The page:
Refrigerated and dry freight trailer manufacturer, Maxi-CUBE, has delivered the landmark first 26 pallet Performance Based Standards (PBS) refrigerated trailer into Queensland. The first of its kind to receive PBS approval in the state, the van was purchased by specialist fruit and vegetable carrier, Fruithaul, who placed the order after learning of the productivity benefits of the PBS scheme.
Performance Based Standards (PBS) are design standards which allow truck and trailer combinations to be designed to carry larger than normal payloads to improve road transport efficiency and vehicle safety. The type of design depends on the route travelled, the type of cargo and the objectives of the transport operator. In most cases it means operators are able to drive truck and trailer combinations which are outside the standard legal dimensions.
Fruithaul owner, Mat Vallance, heard about the PBS scheme via a Victorian sub-contractor who had already ordered one of the Maxi-CUBE 26 pallet vans himself. “When he told me how the PBS scheme allowed him to tow longer-than-usual trailers, I asked Scott Thiesfield from Trailer Sales in Brisbane how I could go about trialing one myself,” said Mat.
Trailer Sales is Maxi-CUBE’s Queensland dealership. Fruithaul has stayed loyal to Trailer Sales and Area Sales Manager, Scott Thiesfield, who has been their sole trailer supplier for a number of years. After receiving the request from Mat, Scott managed the entire process, working with Mat to ascertain the correct specifications on the trailer for his requirements and coordinating the PBS application process with assistance from Maxi-CUBE’s engineers at the brand’s factory in Ballarat, Victoria.
According to Scott, the benefits of PBS trailers can no longer be ignored. “Fruithaul’s 26 pallet refrigerated trailer has two extra pallet spaces when compared with a standard 24 pallet trailer, which translates into greater profit per load for operators,” he said. “While Fruithaul has been the trail blazer in this instance, this is just the beginning of the take-up of PBS in the van sector. The bulk transport sector has been making use of PBS solutions for a number of years and the rest of the transport industry is just starting to sit up and take notice of the benefits as well.”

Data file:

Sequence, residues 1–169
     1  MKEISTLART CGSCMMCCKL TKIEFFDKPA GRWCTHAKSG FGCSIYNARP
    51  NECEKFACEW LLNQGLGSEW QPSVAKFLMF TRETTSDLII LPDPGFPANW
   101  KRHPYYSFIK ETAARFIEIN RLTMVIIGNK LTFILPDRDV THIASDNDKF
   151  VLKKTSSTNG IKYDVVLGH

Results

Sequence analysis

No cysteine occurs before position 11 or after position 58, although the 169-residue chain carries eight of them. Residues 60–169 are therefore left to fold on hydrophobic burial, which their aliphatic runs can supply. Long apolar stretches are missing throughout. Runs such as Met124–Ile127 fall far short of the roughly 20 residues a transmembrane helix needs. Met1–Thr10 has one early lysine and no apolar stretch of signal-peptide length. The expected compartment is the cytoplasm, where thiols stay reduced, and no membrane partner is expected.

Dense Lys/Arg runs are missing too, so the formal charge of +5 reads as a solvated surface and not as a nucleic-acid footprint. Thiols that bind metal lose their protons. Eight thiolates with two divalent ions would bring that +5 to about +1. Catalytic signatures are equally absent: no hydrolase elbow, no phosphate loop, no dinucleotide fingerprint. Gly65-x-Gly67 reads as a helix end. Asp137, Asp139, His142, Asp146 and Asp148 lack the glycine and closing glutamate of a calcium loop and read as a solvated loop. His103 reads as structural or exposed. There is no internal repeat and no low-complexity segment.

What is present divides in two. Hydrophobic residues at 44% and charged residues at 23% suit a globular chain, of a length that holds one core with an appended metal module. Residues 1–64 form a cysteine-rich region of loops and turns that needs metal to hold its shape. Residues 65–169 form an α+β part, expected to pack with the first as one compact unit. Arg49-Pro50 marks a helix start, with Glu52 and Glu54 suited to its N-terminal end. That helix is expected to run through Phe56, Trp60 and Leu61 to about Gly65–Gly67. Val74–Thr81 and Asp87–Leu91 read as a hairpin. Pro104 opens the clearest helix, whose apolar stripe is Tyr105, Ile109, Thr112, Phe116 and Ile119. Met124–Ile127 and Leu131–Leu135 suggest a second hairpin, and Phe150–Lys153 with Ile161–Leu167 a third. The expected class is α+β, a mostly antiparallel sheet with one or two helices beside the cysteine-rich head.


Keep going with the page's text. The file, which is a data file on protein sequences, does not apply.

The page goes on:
“This particular model, the 26 pallet single refrigerated van, has certainly begun to generate a lot of interest in recent months,” he said.
Mat agreed. “The real benefit we see in the 26 pallet trailer is that it bridges the gap between the cost of a single trailer and a B-Double,” he stated. “We get the productivity benefits at only a fraction extra cost, which is win/win for us.”
“The other benefit is that the 26 pallet trailer is approved for all general routes, so it has greater flexibility in terms of where it can access, in comparison to a B-Double.”
The approved payload of Mat’s PBS combination is 23 tonne. Mat requested that Scott include mass management in the specification of his trailer, so that he could accurately ensure that he always carried maximum payload, without risk of overloading. “Many of the products we carry are very light, so staying under 23 tonne, even with extra pallet spaces, is not too difficult,” said Mat. “But it doesn’t hurt to play it safe and the mass management system ensures we can always stay compliant, checking the weight of our load easily via weight gauges fitted to the truck and trailer.”
Mat Vallance took over Fruithaul’s business, after his father and business founder, Garrie, sadly passed away in March of this year. Despite it being a difficult time personally, Mat vowed to continue to strive to reach the same standards of excellence and innovation that Garrie had set for himself and the business. With this new trailer and with another one on the way, Mat feels that he is continuing his father’s legacy in the Caboolture-based business and creating something he would be proud of.